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Eurypylos was a Mysian hero of the Trojan War. His image is otherwise unknown on coinage. Like Bellerophon at Corinth and Dionysos at Tium, this image of a local hero appears modeled on Antinous. Homer (Odyssey 11.522) has Odysseus say that Eurypylus was, next to Memnon, the most beautiful man he had ever seen.
The strategos I. Pollion is named on several coin types of Pergamon during the reign of Hadrian, including one for Sabina (RPC III 1737) and another for Antinous (RPC III, 1738).
The link between Pergamon and Paphos, evidenced by this coin, is not well understood. However, the same reverse was used, from Hadrian to Philip I, on coins struck to honor an alliance between Sardes and Paphos.RP96071. Orichalcum dupondius, RPC Online III 1740 (4 spec.), SNG BnF 1897, Weber 5206, SNG Cop -, BMC Mysia -, F, porous, reverse off center, countermark obscure, weight 11.652 g, maximum diameter 26.5 mm, die axis 0o, Pergamon (Bergama, Turkey) mint, time of Hadrian, c. 134 A.D.; obverse HPΩC EYPYΠYΛOC (Hero Eurypylos), head of hero Eurypylos (with the features of Antinous) right, flowing hair, uncertain oval countermark; reverse ΠEPΓAMHNΩN EΠI CTP ΠΩΛΛIΩNOC (Pergamon, struck under strategos Pollion), temple of Aphrodite at Paphos, in which conical xoanon, semicircular walled courtyard, ΠAΦIA (of Paphos) across the courtyard; extremely rare, the 5th known; $970.00 (€892.40)
Metapontion, Lucania, Italy, c. 340 - 330 B.C.
Leukippos (or Leucippus) was a son of king Oinomaos of Pisa. He fell in love with the nymph Daphne and disguised himself as a girl to join her company. When she discovered his true identity in the bath, he was slain by the nymphs. Based on this portrait, clearly his plan was doomed from the start.
Another Leukippos, unrelated to the coin, was a philosopher in the first half of 5th century B.C. This Leukippos was the first Greek to develop the theory of atomism; the idea that everything is composed entirely of various imperishable, indivisible elements called atoms. His theory was elaborated in far greater detail by his pupil and successor, Democritus. Leukippos was born in Miletus or Abdera.GI95918. Silver stater, Johnston Class B, 2; SNG Cop 1208; SNG ANS 432 ff.; HN Italy 1575; HGC Italy -, F, centered on a tight flan, toned, bumps and scratches, inscription poorly struck, weight 7.525 g, maximum diameter 19.6 mm, die axis 0o, Metapontion (Metaponto, Italy) mint, c. 340 - 330 B.C.; obverse bearded head of Leukippos right, wearing Corinthian helmet, lion head right (control symbol) behind neck, monogram below chin (off flan); reverse barley ear with leaf to left; club above leaf, AMI (magistrate) below leaf on left (off flan), META on right; from the Errett Bishop Collection; $300.00 (€276.00)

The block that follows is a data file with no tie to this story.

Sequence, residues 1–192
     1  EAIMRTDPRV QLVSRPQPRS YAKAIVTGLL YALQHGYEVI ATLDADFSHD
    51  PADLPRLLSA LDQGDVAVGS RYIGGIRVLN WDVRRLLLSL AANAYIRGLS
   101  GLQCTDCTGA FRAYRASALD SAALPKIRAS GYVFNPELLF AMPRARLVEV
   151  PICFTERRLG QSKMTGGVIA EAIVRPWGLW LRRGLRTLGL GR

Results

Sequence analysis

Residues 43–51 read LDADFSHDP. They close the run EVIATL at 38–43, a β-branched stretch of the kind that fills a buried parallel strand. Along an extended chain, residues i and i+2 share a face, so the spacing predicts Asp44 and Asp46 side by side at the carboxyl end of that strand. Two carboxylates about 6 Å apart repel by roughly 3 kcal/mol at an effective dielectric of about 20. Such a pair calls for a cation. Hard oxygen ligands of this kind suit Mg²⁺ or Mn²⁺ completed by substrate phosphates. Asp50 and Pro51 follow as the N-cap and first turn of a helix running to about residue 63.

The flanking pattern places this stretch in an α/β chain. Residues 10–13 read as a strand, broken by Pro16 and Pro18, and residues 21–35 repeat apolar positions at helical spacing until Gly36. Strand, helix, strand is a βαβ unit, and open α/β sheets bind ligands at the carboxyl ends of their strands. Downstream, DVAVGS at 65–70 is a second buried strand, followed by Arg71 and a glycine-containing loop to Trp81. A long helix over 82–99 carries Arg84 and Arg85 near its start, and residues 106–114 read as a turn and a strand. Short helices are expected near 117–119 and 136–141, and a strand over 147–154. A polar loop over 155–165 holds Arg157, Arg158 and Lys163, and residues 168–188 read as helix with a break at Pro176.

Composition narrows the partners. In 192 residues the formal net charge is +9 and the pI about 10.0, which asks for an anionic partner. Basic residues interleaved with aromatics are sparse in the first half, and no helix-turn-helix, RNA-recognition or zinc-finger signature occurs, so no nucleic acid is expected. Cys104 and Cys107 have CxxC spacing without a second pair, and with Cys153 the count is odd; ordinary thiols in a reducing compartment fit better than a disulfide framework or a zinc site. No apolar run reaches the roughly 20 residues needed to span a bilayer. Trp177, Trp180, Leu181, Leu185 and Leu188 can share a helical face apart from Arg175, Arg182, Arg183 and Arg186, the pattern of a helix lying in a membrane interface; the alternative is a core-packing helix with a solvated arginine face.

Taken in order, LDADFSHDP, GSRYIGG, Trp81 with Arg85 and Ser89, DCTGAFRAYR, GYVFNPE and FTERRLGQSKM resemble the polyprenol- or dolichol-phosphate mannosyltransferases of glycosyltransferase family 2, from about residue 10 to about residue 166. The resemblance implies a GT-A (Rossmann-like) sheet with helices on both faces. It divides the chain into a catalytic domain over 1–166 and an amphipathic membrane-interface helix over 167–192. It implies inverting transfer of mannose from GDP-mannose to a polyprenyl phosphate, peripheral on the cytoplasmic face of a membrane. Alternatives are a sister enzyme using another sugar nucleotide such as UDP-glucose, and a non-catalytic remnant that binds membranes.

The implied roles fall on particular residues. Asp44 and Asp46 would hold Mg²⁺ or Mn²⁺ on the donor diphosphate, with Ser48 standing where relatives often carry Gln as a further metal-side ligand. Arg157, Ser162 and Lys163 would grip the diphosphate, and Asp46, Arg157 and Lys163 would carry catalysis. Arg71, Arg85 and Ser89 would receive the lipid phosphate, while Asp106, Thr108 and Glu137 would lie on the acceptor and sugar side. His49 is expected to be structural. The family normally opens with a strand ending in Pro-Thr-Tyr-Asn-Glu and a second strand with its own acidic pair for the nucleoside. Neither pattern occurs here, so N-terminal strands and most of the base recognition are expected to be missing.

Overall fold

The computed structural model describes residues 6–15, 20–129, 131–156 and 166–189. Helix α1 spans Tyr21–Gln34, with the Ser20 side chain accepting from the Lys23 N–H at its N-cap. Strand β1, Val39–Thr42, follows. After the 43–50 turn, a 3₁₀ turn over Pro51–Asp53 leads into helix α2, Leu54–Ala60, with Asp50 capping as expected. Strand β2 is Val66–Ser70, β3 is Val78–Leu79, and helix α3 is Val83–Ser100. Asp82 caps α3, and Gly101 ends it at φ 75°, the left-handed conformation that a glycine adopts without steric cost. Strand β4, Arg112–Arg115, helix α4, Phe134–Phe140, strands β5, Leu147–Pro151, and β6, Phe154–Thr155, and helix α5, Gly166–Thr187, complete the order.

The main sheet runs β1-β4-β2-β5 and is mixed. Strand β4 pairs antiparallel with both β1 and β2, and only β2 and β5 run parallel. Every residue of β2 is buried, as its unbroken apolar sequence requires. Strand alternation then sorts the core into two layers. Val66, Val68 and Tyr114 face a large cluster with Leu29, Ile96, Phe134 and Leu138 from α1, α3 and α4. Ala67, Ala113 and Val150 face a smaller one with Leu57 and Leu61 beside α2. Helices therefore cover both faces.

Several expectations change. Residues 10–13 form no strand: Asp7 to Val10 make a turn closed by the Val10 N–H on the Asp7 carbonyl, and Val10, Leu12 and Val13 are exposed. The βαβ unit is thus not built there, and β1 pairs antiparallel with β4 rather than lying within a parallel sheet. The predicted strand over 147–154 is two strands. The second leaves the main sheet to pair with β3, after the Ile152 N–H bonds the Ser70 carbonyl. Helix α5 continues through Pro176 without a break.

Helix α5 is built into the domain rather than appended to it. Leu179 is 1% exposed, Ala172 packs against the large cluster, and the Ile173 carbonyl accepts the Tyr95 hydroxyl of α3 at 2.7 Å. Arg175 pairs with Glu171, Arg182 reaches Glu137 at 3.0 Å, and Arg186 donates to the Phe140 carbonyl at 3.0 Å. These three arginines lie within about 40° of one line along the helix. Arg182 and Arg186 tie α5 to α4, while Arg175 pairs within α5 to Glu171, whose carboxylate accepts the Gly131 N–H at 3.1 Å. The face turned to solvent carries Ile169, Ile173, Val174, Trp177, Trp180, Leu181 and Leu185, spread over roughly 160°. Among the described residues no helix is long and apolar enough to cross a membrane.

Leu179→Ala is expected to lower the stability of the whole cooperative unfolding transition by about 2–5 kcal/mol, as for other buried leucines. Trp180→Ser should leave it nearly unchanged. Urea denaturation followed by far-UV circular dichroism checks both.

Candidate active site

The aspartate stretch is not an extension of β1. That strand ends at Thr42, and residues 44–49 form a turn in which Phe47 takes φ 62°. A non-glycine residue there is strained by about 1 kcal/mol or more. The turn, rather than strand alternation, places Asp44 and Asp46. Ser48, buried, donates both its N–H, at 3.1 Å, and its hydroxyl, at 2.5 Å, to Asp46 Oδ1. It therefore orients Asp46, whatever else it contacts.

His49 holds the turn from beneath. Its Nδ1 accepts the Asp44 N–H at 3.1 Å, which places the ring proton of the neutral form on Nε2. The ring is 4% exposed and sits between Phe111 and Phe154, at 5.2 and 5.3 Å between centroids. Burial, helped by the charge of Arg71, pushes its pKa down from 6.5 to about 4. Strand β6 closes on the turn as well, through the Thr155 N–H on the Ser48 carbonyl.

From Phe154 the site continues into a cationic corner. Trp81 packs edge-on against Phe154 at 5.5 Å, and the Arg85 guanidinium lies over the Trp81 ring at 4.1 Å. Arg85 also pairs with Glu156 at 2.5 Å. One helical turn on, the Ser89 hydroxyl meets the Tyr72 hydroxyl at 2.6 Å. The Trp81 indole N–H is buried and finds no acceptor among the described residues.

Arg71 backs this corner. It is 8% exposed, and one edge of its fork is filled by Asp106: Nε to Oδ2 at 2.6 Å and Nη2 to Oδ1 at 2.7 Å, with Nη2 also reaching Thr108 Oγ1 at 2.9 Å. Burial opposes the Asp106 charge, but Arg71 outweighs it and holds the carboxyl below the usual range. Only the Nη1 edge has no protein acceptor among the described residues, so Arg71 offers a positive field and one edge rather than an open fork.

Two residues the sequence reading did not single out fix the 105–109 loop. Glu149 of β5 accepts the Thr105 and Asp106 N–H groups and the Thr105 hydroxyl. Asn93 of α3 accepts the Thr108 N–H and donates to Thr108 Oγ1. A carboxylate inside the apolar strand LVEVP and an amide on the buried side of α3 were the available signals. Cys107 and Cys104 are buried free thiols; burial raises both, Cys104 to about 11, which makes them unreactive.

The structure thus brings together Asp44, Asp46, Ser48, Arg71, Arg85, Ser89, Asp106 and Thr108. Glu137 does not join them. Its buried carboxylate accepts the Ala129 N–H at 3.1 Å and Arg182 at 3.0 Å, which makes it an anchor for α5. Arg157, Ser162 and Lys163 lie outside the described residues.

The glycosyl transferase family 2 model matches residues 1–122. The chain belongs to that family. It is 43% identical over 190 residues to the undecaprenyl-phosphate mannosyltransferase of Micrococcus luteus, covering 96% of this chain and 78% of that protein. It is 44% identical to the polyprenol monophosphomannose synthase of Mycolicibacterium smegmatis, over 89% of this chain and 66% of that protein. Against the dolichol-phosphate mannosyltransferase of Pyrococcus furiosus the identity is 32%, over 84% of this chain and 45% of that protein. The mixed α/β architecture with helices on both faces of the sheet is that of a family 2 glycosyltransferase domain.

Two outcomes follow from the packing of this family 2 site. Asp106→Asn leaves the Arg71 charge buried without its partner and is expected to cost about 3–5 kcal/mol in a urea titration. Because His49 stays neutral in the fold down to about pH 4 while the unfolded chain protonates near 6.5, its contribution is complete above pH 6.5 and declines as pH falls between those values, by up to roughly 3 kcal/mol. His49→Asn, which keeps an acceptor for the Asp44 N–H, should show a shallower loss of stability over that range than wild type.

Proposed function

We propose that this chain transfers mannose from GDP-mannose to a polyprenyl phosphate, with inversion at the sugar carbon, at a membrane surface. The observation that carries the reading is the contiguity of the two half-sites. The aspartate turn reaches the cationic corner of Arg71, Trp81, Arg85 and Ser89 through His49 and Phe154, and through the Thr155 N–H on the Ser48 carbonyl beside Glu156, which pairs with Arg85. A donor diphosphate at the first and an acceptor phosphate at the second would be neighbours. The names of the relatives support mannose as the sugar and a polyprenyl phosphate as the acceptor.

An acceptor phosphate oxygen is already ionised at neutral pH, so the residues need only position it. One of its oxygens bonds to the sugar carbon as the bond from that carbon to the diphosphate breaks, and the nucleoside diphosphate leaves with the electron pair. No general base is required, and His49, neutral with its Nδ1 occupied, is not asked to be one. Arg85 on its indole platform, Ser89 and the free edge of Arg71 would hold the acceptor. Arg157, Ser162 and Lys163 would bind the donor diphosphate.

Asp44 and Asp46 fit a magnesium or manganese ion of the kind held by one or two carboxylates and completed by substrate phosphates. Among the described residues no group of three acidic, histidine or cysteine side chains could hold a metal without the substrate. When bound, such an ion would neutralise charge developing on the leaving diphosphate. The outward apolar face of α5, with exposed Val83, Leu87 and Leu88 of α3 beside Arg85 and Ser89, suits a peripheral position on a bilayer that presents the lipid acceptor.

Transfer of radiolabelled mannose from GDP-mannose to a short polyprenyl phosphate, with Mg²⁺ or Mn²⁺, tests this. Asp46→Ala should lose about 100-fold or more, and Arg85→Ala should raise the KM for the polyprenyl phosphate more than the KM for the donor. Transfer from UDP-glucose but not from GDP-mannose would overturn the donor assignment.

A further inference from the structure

Mopsion, Thessaly, c. 350 - 300 B.C.
Mopsion issued only bronze coins, and only c. 350 - 300 B.C. In Nomos 4, BCD notes, "The bronzes of Mopsion are practically impossible to find in nice condition and without flaws or corrosion. They are also very rare and desirable because of the their spectacularly eloquent reverse. The nicest one to come up for auction realized $18,000..."
Mopsion, in the Peneus valley half way between Larissa and Tempe, took its name from the Lapith Mopsos, a son of Ampyx. Mopsos learned augury from Apollo, understood the language of birds, and became an Argonaut seer. As depicted on this coin, he was one of the Lapiths who defeated the Centaurs. This battle was a favorite subject of Greek art. While fleeing across the Libyan desert from angry sisters of the slain Gorgon Medusa, Mopsos died from the bite of a viper that had grown from a drop of Medusa's blood. Medea was unable to save him, even by magical means. The Argonauts buried him with a monument by the sea, and a temple was later erected on the site.GB87120. Bronze trichalkon, BCD Thessaly II 484, BCD Thessaly I 1210, Rogers 412, McClean 4648, HGC 4 537 (R2), SNG Cop -, Pozzi -, BMC Thessaly -, gF, dark garnet and black patina, well centered, a little rough, weight 8.082 g, maximum diameter 20.5 mm, die axis 225o, Mopsion (Bakraina(?), Greece) mint, c. 350 - 300 B.C.; obverse head of Zeus facing slightly right, vertical thunderbolt to right; reverse MOΨ-EI-ΩN, Lapith Mopsos standing facing, nude, his head turned right, raising club in right hand and extending his left hand, fighting centaur that is rearing left and raising a bolder over its head with both hands preparing to throw it; ex BCD with his round tag noting, "HK ex Thess., April 02, $275.-"; very rare; SOLD